And there’s also another one at 2:17 (…maybe this is the one you’re referring to?)

    ..but I don’t see one at 2:15..

    the name of Fi-7 Excessive Contempt implies contextual dependence while it’s description ignores this nuance; so is all contempt excessive?

    No, I think I describe it in the tutorial video in more detail — the difference being that a generic signal of contempt (which is a human signal, and not Fi) is connected to a moment of clear moral disapproval or disagreement. Like a “scoff.” When a person scoffs alongside a contempt signal, for example when they’re being smug, that’s not Fi. Maybe we do need a better name for the signal, but in essence for Fi users sometimes they make this signal in a way that’s unrelated to what is being said, nor to any real moral disapproval. Hence “uncoordinated.”

    Come to think of it, “excessive” is not a good word here — it would be more like “accidental”. Excessive implies dependence on number, but it’s really a dependence on context, yes. I’ll think about updating the short description too, to make this clearer.

    Why is what she’s saying at 2:41 persistence effect?

    Well, in a more broad sense the entire video is about mitigating the frustrations and discomforts that may come with a trip to Hogwarts. There are many points that I think would qualify, and the exact timestamp is kindof an artificial constraint because this signal has no “one” timestamp. But I was looking more generally at the timeframe between 2:34-2:42 where she says:

    “It takes even longer than it usually would be to wait in line for the Hogwarts Express, and which can go anywhere from ten minutes to an hour or two hours, depending on how busy it is but usually it’s about half an hour.”

    The real defining point for me was at around 2:39 when she says “ten minutes to an hour” and she makes a very amped+frustrated expression:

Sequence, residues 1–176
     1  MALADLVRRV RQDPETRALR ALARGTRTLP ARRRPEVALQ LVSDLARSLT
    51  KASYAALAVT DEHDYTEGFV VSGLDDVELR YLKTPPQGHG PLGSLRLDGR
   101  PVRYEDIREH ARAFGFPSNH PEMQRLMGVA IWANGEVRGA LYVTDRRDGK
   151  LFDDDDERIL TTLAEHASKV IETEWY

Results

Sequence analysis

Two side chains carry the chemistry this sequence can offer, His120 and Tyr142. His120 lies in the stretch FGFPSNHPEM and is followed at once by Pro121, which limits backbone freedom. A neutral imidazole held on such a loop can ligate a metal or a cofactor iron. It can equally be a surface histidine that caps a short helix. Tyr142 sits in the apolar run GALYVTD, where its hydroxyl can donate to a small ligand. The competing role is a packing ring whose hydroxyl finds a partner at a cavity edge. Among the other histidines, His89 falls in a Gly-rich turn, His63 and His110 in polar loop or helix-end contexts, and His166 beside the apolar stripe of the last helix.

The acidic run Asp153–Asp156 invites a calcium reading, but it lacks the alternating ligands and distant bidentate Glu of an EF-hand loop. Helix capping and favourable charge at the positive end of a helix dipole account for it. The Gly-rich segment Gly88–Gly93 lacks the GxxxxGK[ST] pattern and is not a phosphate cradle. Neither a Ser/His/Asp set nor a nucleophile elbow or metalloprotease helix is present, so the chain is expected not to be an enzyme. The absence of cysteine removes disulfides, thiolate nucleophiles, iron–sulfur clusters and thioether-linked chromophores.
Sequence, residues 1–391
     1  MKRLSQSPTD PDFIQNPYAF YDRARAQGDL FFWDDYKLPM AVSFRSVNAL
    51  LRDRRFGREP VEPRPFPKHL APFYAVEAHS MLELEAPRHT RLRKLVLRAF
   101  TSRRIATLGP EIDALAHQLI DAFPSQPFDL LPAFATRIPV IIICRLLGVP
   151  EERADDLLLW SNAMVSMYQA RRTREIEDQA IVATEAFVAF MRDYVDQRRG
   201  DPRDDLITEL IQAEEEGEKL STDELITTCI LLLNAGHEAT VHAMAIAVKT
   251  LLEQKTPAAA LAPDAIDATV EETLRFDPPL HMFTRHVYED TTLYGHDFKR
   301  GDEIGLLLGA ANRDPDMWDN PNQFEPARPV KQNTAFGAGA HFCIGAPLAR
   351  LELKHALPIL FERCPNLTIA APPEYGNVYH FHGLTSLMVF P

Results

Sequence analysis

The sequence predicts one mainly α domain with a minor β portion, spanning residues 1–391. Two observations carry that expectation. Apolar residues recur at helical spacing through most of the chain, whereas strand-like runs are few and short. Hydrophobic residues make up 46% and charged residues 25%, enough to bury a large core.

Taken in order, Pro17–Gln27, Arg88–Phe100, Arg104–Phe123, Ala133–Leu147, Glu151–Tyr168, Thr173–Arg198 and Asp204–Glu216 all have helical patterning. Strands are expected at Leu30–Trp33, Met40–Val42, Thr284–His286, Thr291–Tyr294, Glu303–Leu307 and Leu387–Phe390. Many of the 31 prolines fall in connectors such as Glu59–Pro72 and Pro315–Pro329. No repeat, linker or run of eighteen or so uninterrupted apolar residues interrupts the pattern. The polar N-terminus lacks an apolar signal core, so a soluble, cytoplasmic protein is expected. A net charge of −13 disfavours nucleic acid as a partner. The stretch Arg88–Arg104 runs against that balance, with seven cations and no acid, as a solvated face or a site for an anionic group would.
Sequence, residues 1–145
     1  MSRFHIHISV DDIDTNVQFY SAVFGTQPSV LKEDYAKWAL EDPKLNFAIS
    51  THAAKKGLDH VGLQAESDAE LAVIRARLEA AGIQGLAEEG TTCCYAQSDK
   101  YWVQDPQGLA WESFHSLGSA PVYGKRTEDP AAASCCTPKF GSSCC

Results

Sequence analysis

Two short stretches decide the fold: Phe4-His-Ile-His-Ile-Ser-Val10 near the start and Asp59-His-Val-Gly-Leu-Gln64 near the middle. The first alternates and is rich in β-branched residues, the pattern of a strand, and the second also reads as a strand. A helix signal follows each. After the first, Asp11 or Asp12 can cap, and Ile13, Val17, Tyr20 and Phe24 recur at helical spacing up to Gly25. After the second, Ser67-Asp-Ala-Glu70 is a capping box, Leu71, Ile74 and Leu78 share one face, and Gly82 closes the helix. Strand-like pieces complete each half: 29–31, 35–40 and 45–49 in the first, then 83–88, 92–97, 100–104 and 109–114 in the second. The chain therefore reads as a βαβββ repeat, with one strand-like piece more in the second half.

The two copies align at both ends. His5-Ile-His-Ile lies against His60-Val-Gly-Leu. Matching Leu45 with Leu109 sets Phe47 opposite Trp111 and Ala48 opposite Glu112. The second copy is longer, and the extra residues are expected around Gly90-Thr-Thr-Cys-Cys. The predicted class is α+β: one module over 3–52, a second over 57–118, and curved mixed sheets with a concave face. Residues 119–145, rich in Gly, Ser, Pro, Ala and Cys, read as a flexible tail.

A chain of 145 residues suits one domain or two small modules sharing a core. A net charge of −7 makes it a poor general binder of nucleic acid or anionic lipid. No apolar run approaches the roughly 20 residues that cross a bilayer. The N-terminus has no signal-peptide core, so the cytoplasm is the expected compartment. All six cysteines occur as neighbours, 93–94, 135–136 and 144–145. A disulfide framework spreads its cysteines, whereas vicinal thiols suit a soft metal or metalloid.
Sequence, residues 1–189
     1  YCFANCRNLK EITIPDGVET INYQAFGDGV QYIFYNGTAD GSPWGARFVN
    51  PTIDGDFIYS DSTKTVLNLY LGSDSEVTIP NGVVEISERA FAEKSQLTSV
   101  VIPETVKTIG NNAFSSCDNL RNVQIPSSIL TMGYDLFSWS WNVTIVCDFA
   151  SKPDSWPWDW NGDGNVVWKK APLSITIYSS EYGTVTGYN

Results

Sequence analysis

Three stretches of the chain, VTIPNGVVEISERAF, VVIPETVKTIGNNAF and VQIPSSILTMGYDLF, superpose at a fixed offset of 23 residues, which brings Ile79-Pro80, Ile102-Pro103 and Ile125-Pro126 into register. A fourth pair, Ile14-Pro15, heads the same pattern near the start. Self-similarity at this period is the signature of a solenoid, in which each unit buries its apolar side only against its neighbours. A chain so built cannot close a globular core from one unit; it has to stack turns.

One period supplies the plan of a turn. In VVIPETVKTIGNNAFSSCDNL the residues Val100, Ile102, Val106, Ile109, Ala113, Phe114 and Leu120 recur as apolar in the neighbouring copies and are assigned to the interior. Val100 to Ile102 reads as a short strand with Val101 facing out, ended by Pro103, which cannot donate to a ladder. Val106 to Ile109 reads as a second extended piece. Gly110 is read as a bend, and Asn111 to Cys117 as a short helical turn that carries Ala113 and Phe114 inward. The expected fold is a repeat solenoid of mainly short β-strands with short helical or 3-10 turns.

Spoiler:

    ^ So I interpreted that expression, in the given context, as a Persistence Effect because she appeared quite affected by the notion of the potentially very long wait times (especially given how the subject is about how to maximize your time there).

    That was my thought process when clicking the signal. Admittedly, this one has some qualia in it, and perhaps is one of those signals that might not make it to scientific testing since it’s focused on the content of speech. But that was my reasoning behind it, nonetheless!

    What makes what she’s doing at 0:45 avalanching articulation?

    Again, this is one of those where picking out a timestamp is a bit silly, so there’s nothing particular about 0:45 that is avalanching speech as opposed to any other part of the video. I think I probably was just going down the list of signals and got to that one 45 seconds into the video. I think this signal may be one of those candidates that, in an updated version of the codifier, would just have a yes/no marker. Same with the other voice tone ones like Fi sprite-like voice, Te’s nasal monotone and Ti’s faint/trailing articulation.

    Hope that covers them all.

    I like these questions a lot, they seem to cover edge cases that show the current failings of the reading methodology and also the software.  I have some solutions in mind for some of these — next time I dip into reprogramming the tool.

    • This reply was modified 2 weeks, 4 days ago by Auburn.
    • This reply was modified 2 weeks, 4 days ago by Auburn.
    • This reply was modified 2 weeks, 4 days ago by Auburn.
    • This reply was modified 2 weeks, 4 days ago by Auburn.